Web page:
It’s been said that some tweets ought to be blogs, some blogs should be white papers, some white papers books, some books white papers, some white papers blogs, and some blogs ought to be tweets. While there is helpful information to know, it doesn’t always warrant, in our case, a full blog. So, occasionally, I going to post this “That’s Good to Know” series with financial data that might be applicable to your situation. Today, I’ll briefly describe three current issues.
Are we in a recession?
Technically no – one hasn’t officially been declared. Is one coming? Most likely, but the government has done a good job pushing it off and may continue to do so with the 2024 election season already starting. But a recession is most likely coming next year with difficult times ahead. Inflation will continue to be a problem even though prices are climbing at a slower rate. We currently have “dis-inflation,” where the pace of price-increase begins to slow, as opposed to “deflation,” where prices go negative. It’s the necessities of life – food, energy, and health care – where these increases are felt the most. This rise in prices may force the Federal Reserve to raise interest rates yet again. If wages catch up to prices, this price level will soon become the “norm.” Last month’s retail sales numbers came in higher than expected,[i] much to the delight of some. But more consumer spending doesn’t mean more buying; it just costs more to get the same amount of goods.
Current Housing Prices
Housing prices must come down. At the time of this article, national average 30-year mortgage rates are just over 8%,[ii] thus becoming unaffordable for the average American for 99% of the nation’s counties[iii] by adding hundreds of dollars per month to a potential house payment. When rates were at 3% just a few years ago, there were a dozen people trying to buy the same house. That’s not the case today. Yes, all real estate is local and house prices in your neighbor may still be strong. But the trendline is pointing down and one can’t think their house is currently worth what it was 2 years ago. Folks are only selling if they must, and buyers are limited. It’s simply an issue of supply and demand. Hence, housing prices must come down.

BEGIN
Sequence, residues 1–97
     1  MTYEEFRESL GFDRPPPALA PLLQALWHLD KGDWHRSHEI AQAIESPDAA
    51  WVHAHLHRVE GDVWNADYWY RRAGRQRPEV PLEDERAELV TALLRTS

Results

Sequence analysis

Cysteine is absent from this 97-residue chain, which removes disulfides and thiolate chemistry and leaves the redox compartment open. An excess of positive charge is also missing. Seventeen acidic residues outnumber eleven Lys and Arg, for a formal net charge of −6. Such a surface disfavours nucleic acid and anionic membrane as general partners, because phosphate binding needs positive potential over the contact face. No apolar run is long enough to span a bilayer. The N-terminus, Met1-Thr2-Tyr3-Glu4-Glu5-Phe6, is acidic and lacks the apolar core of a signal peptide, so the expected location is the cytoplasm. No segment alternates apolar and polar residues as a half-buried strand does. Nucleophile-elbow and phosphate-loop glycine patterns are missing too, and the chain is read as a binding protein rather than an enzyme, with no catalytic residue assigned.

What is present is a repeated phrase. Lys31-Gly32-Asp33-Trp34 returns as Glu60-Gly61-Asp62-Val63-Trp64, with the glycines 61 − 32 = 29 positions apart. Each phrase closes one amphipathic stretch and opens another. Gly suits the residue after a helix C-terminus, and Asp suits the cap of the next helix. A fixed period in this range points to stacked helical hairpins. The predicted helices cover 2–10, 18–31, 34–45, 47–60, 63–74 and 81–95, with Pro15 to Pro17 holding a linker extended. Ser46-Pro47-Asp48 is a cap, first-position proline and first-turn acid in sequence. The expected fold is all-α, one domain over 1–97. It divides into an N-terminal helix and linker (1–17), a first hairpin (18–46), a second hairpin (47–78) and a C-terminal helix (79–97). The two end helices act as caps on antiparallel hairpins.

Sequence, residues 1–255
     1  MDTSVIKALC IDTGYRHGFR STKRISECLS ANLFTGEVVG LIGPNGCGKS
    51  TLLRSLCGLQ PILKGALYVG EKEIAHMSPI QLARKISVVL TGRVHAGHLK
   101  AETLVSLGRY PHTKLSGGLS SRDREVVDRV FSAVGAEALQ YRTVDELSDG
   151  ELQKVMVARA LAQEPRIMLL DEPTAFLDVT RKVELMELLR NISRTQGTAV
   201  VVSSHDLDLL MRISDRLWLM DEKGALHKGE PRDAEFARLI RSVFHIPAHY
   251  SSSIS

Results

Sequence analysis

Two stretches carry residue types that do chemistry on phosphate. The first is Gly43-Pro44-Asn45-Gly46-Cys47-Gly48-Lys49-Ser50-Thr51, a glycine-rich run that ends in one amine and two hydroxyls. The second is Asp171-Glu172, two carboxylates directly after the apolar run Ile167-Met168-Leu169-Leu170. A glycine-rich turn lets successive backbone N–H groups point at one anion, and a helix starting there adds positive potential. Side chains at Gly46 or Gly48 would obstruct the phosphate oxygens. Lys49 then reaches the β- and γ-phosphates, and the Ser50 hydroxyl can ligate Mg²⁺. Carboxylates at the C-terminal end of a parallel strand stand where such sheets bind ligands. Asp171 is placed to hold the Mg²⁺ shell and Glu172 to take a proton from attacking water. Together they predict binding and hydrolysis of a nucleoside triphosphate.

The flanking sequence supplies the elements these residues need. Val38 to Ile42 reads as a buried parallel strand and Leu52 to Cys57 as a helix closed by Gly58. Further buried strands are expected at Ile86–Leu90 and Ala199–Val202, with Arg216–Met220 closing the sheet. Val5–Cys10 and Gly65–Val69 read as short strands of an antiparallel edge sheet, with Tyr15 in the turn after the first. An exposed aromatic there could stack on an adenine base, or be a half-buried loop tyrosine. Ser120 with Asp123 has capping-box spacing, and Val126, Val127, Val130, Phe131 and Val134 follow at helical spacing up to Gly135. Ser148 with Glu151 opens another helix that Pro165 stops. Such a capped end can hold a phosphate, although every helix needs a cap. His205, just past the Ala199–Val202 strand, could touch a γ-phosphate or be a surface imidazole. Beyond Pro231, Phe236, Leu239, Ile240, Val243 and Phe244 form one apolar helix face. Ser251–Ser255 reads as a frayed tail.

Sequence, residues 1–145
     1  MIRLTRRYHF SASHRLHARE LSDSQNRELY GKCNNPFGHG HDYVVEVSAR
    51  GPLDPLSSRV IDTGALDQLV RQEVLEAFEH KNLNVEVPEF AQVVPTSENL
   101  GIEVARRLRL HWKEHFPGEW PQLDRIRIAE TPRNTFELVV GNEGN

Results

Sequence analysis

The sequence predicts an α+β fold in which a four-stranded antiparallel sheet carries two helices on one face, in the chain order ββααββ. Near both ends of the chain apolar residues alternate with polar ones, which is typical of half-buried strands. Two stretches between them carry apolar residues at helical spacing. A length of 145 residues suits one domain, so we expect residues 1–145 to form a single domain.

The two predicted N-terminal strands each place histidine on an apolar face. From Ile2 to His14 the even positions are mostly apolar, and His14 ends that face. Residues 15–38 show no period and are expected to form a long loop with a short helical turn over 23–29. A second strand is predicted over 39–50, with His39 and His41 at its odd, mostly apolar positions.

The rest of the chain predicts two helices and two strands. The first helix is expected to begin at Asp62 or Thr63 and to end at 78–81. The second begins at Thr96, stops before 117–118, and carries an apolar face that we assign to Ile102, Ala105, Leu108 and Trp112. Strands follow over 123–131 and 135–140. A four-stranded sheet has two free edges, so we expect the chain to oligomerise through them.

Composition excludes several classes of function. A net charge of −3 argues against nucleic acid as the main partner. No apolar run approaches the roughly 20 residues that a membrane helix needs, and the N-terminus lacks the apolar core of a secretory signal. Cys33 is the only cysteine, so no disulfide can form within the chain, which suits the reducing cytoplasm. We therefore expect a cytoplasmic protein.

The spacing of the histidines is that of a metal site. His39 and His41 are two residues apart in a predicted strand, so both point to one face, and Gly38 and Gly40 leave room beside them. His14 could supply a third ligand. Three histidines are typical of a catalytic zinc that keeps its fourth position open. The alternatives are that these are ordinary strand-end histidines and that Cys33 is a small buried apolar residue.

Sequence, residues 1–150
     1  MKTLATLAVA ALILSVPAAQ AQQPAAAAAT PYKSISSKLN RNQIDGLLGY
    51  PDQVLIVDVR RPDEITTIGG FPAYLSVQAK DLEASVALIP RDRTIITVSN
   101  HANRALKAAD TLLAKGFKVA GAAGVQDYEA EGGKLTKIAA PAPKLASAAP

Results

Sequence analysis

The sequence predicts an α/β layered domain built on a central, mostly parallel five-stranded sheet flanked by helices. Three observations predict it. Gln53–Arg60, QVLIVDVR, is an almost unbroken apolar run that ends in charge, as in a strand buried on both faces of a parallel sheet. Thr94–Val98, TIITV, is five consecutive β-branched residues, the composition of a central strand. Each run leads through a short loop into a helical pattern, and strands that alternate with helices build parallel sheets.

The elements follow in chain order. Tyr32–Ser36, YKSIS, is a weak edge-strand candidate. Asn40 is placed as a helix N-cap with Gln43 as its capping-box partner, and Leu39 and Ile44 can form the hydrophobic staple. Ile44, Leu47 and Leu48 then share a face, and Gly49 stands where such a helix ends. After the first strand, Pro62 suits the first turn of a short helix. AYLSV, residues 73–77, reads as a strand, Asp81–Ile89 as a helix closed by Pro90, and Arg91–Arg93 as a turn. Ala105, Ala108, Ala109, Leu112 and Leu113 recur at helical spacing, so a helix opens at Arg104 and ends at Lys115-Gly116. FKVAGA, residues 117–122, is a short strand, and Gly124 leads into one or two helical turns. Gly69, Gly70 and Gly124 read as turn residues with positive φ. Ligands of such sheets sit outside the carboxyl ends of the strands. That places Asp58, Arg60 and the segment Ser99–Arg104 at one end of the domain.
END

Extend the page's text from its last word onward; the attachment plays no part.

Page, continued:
Roth IRA Conversions
As the year draws to a close, this is a great time to consider converting IRA dollars to your Roth IRA. Doing so helps satisfy the annual Required Minimum Distribution. It also puts future appreciation of assets, that might currently be down in value, in an account in which you and/or your heirs most likely won’t pay any taxes. Additionally, if tax rates increase in the future, you will have paid the conversion taxes at a lower rate now instead of at a higher rate later. (Tax rates will probably increase as the Trump Tax Cuts are set to expire in 2025, unless re-ratified, and with the government always needing more revenue.) By converting those dollars now, you can pay the income tax at your tax rate instead of IRA beneficiaries in a higher tax bracket. And there is no limit to IRA dollars you can convert; you probably just don’t want to creep into the next tax bracket by doing so. Rather than withholding the necessary taxes from the conversion, it’s best to take them out of a non-retirement account (e.g., your checking account) instead of making it part of the conversion as it then maximizes the conversion. Check with your advisor or accountant if this would be a wise strategy for you.
There are currently plenty of economic headwinds for the average American: inflation, unemployment, rising mortgage and/or interest rates, credit card debt topping a trillion dollars with interest rates at 25-30%, and loan defaults just to name some. It’s a good time to assess your own financial situation to see how you’ll weather any upcoming “storms.” But there are also hidden opportunities with the economic reports. Getting good information is crucial and working with competent advisors that serve you well is also necessary. It is our desire to help you make good decisions so that you can have clarity, security, and confidence in your financial future.
Schedule an introductory phone call with Thomas at this link: Thomas Talbott – Introductory Phone Call
Like this article? Want to learn more about planning for life’s transitions?
Check out our Personal Finance Archives where we’ve compiled helpful articles to help you plan for your future.